• are knowledgeable of and possess operational competence with specialized school psychology roles and with legal and ethical guidelines
  • are committed to non-traditional services (pre-evaluation interventions, consultation and counseling, intervention-oriented assessment, and alternative delivery systems) as well as competence with traditional services
  • are competent as problem solvers, change agents, and advocates
  • are skilled in demonstrating an orientation as a consultant and mental health resource person in identifying and meeting the mental health, learning, and overall educational needs of individuals and educational systems
  • are knowledgeable about information technology and uses to safeguard work and to enhance the quality of services

Program Policies

Read more
  • Electronic portfolio: We will use your portfolio to review our program and assess its outcomes. Data will also be submitted to NCATE (CAEP) and NASP during review cycles.
  • Credit transfer and GPA policies: Visit the GraduateCollege website for more information about these policies.

Program of Studies

Read more

The program of studies is the agreed-upon plan between you and your faculty adviser on completing program requirements.

It is used as a verification document when you apply for graduation. You should complete the program of studies with your adviser during the first semester of graduate work.

The original, signed program of studies should be given to the Department Chair to be placed in your file in the Educational Psychology Department and you and your adviser should both keep copies.

Amendments to your program of studies can be made with your adviser’s approval.

The time line policy for completing a Masters degree can be viewed online through the Graduate College.

Some of your courses may have prerequisites you must meet before enrolling. Find more information in the academic catalog.

Clinical Hours

Please review the clinical hours table for the number of practicum hours and internship hours required in clinical, testing, and intervention School Psychology classes.

Related Forms

EPS Course Offerings by Semester

Recommended Sequence of Courses (Ed.S. School Psychology)

School Psychology, Educational Specialist Program of Studies - CURRENT

Program of Studies Worksheet 

Professional Code of Ethics and Licensure Guidelines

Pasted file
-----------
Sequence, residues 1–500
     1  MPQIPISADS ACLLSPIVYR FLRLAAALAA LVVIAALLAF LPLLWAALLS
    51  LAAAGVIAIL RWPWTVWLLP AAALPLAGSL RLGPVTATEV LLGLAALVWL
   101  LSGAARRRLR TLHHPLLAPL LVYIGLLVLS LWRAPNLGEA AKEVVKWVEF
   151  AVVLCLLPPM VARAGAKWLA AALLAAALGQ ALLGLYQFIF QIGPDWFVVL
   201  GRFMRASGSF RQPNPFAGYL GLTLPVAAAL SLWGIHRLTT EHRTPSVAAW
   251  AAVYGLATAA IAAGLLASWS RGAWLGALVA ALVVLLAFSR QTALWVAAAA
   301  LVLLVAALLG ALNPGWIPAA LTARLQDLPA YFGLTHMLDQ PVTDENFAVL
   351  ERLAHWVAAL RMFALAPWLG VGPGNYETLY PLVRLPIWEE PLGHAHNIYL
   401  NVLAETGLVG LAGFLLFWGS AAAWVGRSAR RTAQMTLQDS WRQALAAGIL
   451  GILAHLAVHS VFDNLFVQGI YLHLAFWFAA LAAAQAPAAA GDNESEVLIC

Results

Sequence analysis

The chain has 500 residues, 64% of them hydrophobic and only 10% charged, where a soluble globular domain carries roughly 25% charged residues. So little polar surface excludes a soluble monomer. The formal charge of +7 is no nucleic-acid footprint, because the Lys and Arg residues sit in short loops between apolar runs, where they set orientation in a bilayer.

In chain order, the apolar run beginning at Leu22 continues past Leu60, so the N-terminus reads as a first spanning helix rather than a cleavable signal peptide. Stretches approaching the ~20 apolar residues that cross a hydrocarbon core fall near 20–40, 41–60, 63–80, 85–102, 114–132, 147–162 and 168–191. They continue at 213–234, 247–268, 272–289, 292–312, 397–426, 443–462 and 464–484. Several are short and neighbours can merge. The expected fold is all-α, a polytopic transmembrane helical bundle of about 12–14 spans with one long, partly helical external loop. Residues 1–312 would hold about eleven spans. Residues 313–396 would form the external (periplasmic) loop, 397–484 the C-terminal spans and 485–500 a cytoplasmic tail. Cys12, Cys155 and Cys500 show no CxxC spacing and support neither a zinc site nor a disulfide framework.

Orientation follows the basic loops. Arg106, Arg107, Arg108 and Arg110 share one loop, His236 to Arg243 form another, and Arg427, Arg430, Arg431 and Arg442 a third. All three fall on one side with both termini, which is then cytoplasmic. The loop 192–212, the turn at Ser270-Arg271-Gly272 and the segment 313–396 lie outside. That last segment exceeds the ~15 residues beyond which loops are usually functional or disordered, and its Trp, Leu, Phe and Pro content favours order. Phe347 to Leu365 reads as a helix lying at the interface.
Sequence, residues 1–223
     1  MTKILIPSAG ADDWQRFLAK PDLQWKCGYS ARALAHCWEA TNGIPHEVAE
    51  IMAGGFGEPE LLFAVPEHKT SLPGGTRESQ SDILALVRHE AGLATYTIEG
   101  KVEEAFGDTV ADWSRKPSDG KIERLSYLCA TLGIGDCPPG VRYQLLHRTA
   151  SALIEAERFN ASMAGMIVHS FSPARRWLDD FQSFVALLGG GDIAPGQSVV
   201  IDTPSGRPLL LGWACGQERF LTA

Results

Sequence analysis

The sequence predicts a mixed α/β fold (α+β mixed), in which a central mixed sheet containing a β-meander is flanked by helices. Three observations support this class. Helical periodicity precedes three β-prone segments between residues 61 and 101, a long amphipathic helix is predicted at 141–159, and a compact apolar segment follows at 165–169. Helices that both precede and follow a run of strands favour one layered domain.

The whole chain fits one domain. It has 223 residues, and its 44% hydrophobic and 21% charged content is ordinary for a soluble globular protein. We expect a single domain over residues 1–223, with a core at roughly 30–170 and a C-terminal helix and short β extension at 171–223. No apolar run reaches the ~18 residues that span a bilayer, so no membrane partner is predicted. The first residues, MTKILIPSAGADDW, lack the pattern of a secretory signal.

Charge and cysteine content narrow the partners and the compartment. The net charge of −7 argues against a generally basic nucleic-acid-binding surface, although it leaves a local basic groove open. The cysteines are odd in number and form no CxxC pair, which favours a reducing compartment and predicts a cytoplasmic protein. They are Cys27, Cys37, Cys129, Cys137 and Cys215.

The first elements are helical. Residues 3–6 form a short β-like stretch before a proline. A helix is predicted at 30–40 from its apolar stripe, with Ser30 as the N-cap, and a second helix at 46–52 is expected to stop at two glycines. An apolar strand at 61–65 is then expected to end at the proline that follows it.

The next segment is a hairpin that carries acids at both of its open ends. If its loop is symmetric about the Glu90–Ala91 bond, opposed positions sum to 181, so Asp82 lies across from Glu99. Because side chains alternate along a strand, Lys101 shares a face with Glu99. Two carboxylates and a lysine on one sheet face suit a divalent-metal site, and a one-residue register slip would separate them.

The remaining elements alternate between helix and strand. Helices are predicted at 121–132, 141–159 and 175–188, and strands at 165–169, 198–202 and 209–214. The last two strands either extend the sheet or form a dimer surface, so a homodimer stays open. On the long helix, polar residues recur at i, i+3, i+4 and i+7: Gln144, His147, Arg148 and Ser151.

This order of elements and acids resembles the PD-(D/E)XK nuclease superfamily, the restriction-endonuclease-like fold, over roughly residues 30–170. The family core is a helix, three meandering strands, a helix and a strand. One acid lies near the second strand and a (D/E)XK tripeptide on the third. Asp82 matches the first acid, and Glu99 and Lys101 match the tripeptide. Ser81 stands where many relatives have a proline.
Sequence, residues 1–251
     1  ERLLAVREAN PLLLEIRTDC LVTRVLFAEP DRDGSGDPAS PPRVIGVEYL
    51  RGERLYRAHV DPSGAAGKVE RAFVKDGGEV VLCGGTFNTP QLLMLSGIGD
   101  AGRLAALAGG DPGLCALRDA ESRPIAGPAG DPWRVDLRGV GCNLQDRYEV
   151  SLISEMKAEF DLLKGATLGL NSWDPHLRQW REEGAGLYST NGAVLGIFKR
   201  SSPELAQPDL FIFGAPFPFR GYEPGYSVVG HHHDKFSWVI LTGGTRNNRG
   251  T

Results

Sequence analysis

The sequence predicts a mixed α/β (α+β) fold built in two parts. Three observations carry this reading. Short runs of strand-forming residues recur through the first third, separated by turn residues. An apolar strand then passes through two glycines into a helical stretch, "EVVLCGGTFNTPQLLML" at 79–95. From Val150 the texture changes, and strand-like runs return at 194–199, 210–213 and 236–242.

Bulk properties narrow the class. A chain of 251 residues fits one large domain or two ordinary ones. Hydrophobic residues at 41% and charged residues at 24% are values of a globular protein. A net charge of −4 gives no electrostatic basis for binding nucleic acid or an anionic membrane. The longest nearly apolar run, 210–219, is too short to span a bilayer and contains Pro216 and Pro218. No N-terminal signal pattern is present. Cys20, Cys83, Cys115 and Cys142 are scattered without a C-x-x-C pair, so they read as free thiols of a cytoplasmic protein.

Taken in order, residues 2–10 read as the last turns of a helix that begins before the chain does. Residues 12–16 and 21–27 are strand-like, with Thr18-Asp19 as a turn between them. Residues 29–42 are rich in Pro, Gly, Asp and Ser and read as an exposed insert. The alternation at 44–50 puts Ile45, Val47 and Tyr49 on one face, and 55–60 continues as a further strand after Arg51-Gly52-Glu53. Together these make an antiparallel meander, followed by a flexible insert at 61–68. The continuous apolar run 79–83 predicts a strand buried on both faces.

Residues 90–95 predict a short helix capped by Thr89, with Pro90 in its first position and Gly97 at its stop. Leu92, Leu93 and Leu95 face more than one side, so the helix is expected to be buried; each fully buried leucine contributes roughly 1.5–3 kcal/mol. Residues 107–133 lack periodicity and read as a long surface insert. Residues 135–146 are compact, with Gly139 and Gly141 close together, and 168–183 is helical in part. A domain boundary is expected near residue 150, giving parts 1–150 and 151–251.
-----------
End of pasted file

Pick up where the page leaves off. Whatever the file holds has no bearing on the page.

Read more

Students in this program should follow the professional code of ethics and licensure guidelines established by the following organizations:

National Association of School Psychologists
American Psychological Association, Inc. 
State of Arizona Department of Education 

Arizona requirements for school psychologists (PSS) certificate (PreK-12)

Sixty (60) graduate semester hours to include:

  • master's or more advanced degree from a regionally accredited institution
  • completion of an approved program in School Psychology identified by one of the following:
    • American Psychological Association
    • National Association of School Psychologists
  • a program in School Psychology from a regionally accredited institution, verified in writing by the director of school's psychology program; the program must have included:
    • written verification of a 1,000-clock-hour internship in School Psychology
    • certification may also be obtained by evidence of the following:
      • written verification that the applicant has been granted a diploma in School Psychology by the American Board of Professional Psychology (Note: the ABPP accepts applications only after completion of the Doctoral Degree) (ADE 134-105, Rev. 8/90, gaa214

School Psychology Program Faculty

Read more


Dr. Lena Gaddis, Associate Professor
Phone: 928-523-1895
Dr. L. Gaddis Bio

Dr. Michael Mellott, Assistant Clinical Professor
Phone: 928-523-4183
Dr. M. Mellott Bio

Dr. Lisa Persinger, Assistant Professor and Program Coordinator
Phone: 928-523-6556
Dr. L. Persinger Bio 

Phoenix (North Valley)

Dr. Lisa Persinger, Assistant Professor and Program Coordinator
Phone: 928-523-6556
Dr. L. Persinger Bio

Dr. Nicole Stokes, Lead Faculty
Phone: 602-776-4626
Dr. N. Stokes Bio